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| 1 minute read

Historic Weekend Ends With Relief for SVB Depositors – Now the Work Begins!

On Sunday evening, the Treasury Department, the Federal Reserve and the Federal Deposit Insurance Corporation (FDIC) released a joint statement announcing full protection of insured and uninsured deposits at the now-defunct Silicon Valley Bank, as well as at Signature Bank, a crypto-heavy, New York-based bank shuttered Sunday and now under the control of the FDIC. The joint statement also detailed additional measures intended to protect other at-risk banks, marking an end to an historic weekend and providing those in the venture world with the possibility of a good night's sleep for the first time in (at least) three days.

With the end of the crisis, the real work begins. It's now time for funds and portfolio companies to choose new deposit banks and new lenders. Landlords will soon want new letters of credit. Capital call lines will need to be replaced. Covenants requiring borrowers to consolidate deposits at a single institution are likely to go extinct. No venture fund or portfolio company will ever bank with a single institution ever again.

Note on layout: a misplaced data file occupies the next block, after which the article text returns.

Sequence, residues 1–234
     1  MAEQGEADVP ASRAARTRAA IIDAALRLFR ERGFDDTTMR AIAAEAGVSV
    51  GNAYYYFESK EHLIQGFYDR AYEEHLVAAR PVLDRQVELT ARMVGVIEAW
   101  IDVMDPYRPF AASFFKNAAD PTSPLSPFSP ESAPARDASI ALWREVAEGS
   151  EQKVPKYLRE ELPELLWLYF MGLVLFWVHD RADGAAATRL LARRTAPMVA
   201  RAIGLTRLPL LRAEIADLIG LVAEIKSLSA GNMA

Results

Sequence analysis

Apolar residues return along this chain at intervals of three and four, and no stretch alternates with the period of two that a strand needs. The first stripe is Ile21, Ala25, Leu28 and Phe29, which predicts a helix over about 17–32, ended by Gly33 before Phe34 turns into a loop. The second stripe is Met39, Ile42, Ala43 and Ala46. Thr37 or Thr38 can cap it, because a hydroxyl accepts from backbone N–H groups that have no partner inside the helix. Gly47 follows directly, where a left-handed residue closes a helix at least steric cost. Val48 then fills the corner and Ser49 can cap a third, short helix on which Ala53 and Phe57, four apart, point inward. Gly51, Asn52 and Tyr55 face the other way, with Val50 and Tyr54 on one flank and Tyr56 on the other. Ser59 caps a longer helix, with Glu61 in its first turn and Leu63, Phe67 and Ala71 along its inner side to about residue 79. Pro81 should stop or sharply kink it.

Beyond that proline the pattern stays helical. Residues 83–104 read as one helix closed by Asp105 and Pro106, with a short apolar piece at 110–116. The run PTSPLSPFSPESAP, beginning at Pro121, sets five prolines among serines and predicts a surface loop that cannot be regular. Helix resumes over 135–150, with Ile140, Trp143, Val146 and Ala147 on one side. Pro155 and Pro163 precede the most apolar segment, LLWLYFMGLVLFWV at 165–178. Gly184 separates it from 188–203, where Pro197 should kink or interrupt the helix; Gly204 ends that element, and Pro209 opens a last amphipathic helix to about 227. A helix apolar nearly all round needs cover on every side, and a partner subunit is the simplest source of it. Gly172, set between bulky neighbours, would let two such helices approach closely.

We may be biased, but in our view, this is the moment to call your advisors. We're ready to help our clients work through the immediate next steps, and all the steps that come after that. Go ahead - we're at our desks, and we're expecting your call. Talk soon.

After receiving a recommendation from the boards of the FDIC and the Federal Reserve, and consulting with the President, Secretary Yellen approved actions enabling the FDIC to complete its resolution of Silicon Valley Bank, Santa Clara, California, in a manner that fully protects all depositors. Depositors will have access to all of their money starting Monday, March 13.  No losses associated with the resolution of Silicon Valley Bank will be borne by the taxpayer.


svb, bank failure, emerging growth companies, technology, venture capital, life sciences, fdic, treasury, banking crisis